In a stunner, Harvard and Brigham & Women’s Hospital reportedly have jointly called for the retraction of 31 papers on heart stem cell research authored by embattled heart stem cell researcher Piero Anversa.
The scoop on this by STAT/Retraction Watch written by Ivan Oransky and Adam Marcus gives further details on this mess and past travails of Anversa. He was the prime proponent of the idea of endogenous heart stem cells in adults, but things have gone south since his prime time as a researcher. For instance, Anversa at one point not so long ago had sued Harvard for suggesting another of his papers had problematic issues. He lost that case.
Note that so far Harvard/Brigham initially made no announcement on the request for 31 retractions so kudos to Oransky and Marcus for putting the story together behind the scenes.
They report that this situation has been more than a pain for Harvard/Brigham over the last few years:
“Last year, the hospital agreed to a $10 million settlement with the U.S. government over allegations Anversa and two colleagues’ work had been used to fraudulently obtain federal funding.”
Yeah, it’s risen to the level of an ongoing debacle and many people and labs have been substantially harmed by this, but hopefully this slew of retractions together is a turning point to resolve the situation. Maybe it’s a positive step in that sense?
Some folks are suggesting that this development marks the end of the idea of endogenous adult heart stem cells. Also, the same fate may await another one of his claims that bone marrow cells could make heart cells. I’m betting many won’t give up on these ideas, but this sure makes the already existing dents in the ideas much larger.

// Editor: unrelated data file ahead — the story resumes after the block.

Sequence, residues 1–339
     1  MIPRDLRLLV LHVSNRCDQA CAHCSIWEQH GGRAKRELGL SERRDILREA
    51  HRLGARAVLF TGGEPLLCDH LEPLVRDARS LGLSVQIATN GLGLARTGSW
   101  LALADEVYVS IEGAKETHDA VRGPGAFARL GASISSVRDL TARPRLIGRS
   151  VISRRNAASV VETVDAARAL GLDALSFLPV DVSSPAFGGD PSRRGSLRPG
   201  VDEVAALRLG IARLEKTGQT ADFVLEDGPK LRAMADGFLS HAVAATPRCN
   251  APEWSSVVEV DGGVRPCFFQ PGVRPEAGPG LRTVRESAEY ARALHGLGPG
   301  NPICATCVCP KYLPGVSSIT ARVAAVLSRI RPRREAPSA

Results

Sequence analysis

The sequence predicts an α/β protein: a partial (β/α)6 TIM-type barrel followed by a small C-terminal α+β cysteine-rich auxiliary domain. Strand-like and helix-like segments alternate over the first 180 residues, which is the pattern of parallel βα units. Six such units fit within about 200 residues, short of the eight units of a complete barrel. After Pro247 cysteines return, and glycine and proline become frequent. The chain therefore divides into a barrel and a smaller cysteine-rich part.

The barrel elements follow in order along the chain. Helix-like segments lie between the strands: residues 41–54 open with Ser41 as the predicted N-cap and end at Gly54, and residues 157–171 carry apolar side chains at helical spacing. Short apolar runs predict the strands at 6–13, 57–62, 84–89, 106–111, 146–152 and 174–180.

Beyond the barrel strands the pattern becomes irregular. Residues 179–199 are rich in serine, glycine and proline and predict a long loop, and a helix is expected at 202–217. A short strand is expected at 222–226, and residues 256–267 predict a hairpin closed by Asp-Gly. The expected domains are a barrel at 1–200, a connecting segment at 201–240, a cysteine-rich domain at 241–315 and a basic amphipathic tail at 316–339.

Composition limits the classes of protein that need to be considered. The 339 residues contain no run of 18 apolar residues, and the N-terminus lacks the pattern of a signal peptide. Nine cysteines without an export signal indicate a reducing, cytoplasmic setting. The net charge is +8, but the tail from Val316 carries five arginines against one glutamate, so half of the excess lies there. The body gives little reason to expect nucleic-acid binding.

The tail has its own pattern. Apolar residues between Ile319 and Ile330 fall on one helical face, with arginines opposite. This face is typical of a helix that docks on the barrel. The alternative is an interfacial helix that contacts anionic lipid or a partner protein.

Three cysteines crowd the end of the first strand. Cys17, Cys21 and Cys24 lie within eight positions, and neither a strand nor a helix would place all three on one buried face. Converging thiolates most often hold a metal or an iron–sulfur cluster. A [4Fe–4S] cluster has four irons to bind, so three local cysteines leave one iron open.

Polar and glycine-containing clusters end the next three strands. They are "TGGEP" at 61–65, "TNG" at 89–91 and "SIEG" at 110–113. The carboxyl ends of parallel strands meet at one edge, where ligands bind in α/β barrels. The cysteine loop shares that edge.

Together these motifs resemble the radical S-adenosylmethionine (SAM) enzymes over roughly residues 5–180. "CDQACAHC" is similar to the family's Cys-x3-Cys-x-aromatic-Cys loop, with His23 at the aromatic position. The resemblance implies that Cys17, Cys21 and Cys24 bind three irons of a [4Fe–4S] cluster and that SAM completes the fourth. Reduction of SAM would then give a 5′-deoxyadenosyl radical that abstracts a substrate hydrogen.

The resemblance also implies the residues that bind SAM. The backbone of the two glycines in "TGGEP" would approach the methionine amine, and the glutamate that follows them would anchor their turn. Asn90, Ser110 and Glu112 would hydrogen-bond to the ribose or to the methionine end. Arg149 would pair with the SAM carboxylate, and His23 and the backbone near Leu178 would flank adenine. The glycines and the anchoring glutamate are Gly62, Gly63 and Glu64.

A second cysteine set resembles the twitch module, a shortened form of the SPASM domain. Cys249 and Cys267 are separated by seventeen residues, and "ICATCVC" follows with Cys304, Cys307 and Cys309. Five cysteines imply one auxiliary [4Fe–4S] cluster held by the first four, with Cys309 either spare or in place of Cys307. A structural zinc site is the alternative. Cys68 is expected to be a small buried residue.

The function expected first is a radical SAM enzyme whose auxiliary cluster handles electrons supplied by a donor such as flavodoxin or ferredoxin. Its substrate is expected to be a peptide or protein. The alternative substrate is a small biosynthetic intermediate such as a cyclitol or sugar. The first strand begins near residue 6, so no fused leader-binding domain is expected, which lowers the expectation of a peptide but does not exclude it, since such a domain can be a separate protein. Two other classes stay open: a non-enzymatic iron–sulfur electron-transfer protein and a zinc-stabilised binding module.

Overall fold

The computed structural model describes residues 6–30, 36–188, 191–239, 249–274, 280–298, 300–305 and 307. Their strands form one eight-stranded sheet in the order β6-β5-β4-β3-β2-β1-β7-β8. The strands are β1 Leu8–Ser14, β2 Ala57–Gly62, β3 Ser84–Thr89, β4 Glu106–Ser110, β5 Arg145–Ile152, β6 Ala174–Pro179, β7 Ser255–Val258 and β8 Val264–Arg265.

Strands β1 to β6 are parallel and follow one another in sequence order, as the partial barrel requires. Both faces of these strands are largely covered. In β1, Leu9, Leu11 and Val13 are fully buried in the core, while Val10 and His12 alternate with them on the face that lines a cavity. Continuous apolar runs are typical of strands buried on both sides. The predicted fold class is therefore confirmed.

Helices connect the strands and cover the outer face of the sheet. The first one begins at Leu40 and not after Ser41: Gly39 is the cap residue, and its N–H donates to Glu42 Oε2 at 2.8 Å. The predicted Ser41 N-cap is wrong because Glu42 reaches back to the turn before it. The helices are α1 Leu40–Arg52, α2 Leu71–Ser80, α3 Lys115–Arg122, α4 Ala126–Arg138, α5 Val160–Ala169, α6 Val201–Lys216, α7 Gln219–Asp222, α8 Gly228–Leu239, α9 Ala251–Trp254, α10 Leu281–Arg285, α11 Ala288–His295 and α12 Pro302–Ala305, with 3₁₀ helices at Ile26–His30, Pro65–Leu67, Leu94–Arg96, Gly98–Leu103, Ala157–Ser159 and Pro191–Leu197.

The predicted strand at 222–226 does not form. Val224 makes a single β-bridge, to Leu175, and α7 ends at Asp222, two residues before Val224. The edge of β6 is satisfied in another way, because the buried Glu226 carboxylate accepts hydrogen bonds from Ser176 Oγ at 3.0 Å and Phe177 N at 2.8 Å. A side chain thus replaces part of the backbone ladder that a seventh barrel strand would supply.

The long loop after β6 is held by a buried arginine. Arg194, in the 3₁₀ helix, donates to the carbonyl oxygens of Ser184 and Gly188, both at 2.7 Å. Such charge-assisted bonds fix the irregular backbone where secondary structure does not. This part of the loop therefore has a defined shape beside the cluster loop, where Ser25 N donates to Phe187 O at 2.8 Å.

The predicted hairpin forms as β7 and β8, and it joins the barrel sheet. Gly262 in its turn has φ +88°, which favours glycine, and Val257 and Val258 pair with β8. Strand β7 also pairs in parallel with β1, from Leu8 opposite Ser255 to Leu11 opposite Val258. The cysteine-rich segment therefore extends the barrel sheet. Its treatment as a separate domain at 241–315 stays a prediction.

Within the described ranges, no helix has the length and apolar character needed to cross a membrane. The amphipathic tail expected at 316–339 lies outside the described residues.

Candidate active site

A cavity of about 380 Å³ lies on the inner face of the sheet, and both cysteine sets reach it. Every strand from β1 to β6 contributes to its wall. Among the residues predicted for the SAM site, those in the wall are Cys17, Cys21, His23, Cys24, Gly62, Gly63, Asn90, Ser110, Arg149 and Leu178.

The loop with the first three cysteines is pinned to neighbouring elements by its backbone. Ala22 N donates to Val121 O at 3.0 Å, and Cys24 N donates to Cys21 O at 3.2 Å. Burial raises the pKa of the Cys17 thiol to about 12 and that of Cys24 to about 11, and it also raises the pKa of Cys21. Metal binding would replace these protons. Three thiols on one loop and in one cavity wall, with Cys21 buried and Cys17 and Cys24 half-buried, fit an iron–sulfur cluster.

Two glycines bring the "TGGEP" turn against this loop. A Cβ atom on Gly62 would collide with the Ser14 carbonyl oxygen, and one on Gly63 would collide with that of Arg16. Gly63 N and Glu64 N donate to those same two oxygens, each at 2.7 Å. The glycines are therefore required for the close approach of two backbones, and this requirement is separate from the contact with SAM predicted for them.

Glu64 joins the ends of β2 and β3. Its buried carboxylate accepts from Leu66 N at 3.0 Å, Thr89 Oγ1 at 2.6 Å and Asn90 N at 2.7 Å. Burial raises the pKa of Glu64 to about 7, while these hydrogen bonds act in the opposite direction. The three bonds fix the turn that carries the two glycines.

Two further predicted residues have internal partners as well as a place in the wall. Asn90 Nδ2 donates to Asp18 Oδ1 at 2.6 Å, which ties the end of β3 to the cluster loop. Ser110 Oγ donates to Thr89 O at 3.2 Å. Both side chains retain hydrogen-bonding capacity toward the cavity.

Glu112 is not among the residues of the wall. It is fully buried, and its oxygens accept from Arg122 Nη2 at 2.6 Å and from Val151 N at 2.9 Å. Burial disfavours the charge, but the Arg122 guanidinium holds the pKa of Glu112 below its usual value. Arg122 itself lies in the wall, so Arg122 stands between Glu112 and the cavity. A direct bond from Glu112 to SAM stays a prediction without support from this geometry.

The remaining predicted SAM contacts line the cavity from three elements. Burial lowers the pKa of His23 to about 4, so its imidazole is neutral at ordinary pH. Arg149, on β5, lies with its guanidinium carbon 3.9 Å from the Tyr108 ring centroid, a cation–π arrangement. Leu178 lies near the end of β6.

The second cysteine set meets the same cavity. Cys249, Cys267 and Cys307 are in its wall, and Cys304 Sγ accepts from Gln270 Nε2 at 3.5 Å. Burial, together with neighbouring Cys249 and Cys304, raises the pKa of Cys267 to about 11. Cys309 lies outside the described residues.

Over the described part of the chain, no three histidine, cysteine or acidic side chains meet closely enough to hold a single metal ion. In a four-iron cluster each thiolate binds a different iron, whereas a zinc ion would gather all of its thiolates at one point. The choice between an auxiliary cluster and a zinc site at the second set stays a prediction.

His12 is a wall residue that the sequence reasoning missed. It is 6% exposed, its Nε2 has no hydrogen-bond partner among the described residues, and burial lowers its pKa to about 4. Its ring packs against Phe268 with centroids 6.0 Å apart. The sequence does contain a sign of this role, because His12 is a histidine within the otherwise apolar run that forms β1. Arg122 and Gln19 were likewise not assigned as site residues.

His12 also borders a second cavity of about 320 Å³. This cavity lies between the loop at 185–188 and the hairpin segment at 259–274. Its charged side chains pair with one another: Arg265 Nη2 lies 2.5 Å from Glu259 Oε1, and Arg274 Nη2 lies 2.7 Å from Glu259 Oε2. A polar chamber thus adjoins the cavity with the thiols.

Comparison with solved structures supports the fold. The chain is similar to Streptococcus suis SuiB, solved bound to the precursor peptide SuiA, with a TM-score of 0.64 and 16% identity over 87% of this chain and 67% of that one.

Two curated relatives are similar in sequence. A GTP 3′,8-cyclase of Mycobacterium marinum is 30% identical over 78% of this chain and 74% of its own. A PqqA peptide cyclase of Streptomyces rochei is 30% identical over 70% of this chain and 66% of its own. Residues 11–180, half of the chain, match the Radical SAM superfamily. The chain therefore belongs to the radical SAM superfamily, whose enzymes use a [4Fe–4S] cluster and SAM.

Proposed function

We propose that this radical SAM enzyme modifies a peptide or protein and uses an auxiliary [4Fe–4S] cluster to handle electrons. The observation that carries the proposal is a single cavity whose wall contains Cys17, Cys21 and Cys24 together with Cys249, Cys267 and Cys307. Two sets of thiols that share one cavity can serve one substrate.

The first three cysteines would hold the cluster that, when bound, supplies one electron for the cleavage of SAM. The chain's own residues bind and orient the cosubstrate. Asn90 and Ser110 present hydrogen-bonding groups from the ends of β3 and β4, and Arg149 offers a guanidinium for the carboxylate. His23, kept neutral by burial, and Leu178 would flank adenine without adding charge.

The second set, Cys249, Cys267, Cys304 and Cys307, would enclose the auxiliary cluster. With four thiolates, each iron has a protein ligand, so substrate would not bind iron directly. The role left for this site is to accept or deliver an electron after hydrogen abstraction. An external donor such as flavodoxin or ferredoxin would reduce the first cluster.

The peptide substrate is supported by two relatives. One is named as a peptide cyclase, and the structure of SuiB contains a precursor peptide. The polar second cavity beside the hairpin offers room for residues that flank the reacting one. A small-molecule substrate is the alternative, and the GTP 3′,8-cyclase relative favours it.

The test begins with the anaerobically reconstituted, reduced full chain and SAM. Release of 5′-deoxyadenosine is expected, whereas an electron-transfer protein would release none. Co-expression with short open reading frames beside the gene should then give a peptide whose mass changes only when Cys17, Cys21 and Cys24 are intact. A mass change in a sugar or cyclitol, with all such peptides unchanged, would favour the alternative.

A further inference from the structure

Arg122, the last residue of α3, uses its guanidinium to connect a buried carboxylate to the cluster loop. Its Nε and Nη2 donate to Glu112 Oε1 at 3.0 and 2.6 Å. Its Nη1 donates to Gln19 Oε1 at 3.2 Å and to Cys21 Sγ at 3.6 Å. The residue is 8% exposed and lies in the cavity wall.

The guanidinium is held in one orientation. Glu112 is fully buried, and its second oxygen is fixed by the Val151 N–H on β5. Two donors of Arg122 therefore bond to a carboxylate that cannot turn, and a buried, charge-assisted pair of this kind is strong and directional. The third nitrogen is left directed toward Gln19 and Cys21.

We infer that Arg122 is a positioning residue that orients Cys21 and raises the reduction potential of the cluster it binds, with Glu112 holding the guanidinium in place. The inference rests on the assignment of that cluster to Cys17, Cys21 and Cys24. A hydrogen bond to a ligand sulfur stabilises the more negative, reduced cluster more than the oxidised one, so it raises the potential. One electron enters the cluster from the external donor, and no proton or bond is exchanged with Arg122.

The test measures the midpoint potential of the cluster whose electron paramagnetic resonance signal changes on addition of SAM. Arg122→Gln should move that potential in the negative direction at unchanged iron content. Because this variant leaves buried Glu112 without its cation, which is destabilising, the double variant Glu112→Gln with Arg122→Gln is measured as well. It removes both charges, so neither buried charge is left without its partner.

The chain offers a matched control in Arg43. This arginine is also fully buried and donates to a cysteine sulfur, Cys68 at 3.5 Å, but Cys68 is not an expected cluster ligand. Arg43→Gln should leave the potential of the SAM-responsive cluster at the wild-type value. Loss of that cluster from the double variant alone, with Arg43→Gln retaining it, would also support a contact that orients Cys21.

I wonder how many millions of dollars of precious research funding from NIH and AHA or other funders were already wasted directly or indirectly? What about the patients? I didn’t see any clinical trials listed on Clinicaltrials.gov with Anversa mentioned, but it’s possible I missed a few or that some other trials were based on the problematic work.
Carolyn Y. Johnson over at WaPo now has a more in depth piece that includes a Harvard/Brigham statement:
“Following a review of research conducted in the former lab of Piero Anversa, we determined that 31 publications included falsified and/or fabricated data, and we have notified all relevant journals,” Harvard and Brigham said in a joint statement, without specifying the work affected.”
Anversa couldn’t be reached by The WaPo.
What’s the future of heart stem cell research? It’s important to stress that potentially valuable clinical and translational heart stem cell research will continue that is based on transplantation of other stem cells or stem cell-derived cardiomyocytes into the heart, rather than relying on an endogenous population that may not exist or some odd transdifferentiation event of injected bone marrow cells.
Elsewhere in the body, for some scientists the idea of stem cells in the adult human brain remains unsettled as well. My view is that there definitely are adult brain stem cells. Do you think basically every adult organ (except maybe heart?) has a complement of some multipotent stem cells, perhaps for homeostasis and repair?